The FIA Formula 3 Championship was decided at Monza when the season-ending feature race was red flagged, but it was not immediately clear what the title outcome was.
On lap 16 of a scheduled 22, the safety car came out after two drivers crashed. A safety car finish would guarantee third-placed Victor Martins the title, but a lap later the race was red-flagged.
Once the field went to the pits and waited for a restart signal, a notice then arrived from the stewards that Martins was penalised five seconds for exceeding track limits.
It still was not enough to deny him the title, provisionally, but confusion reigned as other drivers were penalised without the accompanying notices and it was declared the race would not restart as the order on the timing screen still changed.
Eventually, after six drivers had been penalised, the chequered flag was shown on the results and Martins was crowned champion in fourth place. It was a stressful experience for the ART Grand Prix driver.
“When I saw the safety car, I already thought about it like ‘please, no safety cars during that race, it’s all done’,” he explained.
“I knew the job was done to stay third, even if I was not winning, it was fine. I have been through that many years in the past where I always wanted to win, and I lost the championship because of that. So I just wanted to keep P3, and then there was the red flag.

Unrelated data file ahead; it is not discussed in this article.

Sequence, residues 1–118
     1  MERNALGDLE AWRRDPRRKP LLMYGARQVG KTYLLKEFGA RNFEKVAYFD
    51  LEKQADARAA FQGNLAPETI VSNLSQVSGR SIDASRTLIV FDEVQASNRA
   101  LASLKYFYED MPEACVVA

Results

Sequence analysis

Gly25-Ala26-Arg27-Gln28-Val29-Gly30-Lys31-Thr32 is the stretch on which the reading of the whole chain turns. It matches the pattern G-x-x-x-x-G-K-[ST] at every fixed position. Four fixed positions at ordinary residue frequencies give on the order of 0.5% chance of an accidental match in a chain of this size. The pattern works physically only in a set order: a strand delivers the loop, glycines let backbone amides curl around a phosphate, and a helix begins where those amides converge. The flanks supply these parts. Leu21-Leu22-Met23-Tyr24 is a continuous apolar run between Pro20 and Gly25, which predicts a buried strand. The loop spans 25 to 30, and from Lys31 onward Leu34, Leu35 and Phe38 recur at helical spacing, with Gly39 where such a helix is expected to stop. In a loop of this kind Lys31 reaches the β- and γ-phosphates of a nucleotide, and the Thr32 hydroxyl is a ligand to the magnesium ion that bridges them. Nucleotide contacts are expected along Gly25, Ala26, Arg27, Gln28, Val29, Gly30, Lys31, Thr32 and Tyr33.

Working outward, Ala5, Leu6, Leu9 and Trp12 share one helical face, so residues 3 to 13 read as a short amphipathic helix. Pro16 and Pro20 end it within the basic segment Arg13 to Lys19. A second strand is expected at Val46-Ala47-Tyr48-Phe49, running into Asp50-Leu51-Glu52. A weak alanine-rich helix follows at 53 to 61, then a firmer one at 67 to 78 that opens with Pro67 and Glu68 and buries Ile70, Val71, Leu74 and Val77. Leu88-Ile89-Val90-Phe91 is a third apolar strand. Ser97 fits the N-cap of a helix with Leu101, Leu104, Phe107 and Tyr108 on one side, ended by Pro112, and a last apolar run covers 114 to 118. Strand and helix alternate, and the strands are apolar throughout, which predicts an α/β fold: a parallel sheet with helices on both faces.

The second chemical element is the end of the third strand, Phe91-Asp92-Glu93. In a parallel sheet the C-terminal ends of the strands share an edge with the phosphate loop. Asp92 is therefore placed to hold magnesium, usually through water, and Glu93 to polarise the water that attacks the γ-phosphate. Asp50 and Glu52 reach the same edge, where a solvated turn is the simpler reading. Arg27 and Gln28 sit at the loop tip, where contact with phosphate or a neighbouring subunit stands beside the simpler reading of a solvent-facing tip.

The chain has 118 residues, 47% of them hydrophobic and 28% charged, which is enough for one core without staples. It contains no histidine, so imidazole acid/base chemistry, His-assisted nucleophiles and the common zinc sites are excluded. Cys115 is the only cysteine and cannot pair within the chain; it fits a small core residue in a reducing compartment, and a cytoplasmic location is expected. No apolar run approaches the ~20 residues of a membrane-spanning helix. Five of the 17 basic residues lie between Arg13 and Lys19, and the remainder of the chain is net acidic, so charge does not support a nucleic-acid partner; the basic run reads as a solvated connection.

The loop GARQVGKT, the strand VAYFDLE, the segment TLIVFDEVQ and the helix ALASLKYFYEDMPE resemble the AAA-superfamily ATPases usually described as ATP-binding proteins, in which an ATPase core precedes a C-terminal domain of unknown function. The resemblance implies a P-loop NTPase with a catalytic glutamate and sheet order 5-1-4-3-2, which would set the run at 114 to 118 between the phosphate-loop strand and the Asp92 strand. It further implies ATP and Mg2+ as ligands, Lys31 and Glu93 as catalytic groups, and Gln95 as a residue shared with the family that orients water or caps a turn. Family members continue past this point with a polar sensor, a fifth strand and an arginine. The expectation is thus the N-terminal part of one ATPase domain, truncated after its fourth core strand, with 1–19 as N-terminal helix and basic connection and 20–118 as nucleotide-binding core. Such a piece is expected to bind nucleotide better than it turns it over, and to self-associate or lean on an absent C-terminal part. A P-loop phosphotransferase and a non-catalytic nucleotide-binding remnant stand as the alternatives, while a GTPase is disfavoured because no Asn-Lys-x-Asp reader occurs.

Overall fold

“In that moment I was trying to stay focused, not trying to think about anything, how I will need to approach the restart. I was trying to switch off, to not think about what was around me, who was behind me, also what position I needed to be. I was on a mood that I was going to look ahead, going to make some moves. Because when you make some moves you kind of defend yourself from behind.”
Then the penalty notice came through.
“No one told me, I saw it from the mechanics, my brother, they were starting to look on the phone and see the 5s penalty.
“First I got really upset and angry about my team. I’m honest, in this moment, you kind of react badly and instantly, instinctively. So I was a bit angry of why I didn’t know before that I had some track limits because I think they told me, but that was also an issue on the FIA who took a lot of time to make it show on the TV that I got some track limits.
“The last one I probably did was already too late when the team told me. So yeah, it was was just a horrible moment. I was like, ‘no, it cannot happen’. And if it was restarting, the first thought I had was last year between [Max] Verstappen and Lewis [Hamilton]. I was like ‘I don’t do the same as Lewis, I keep the championship whatever happens, I want to win that one’.”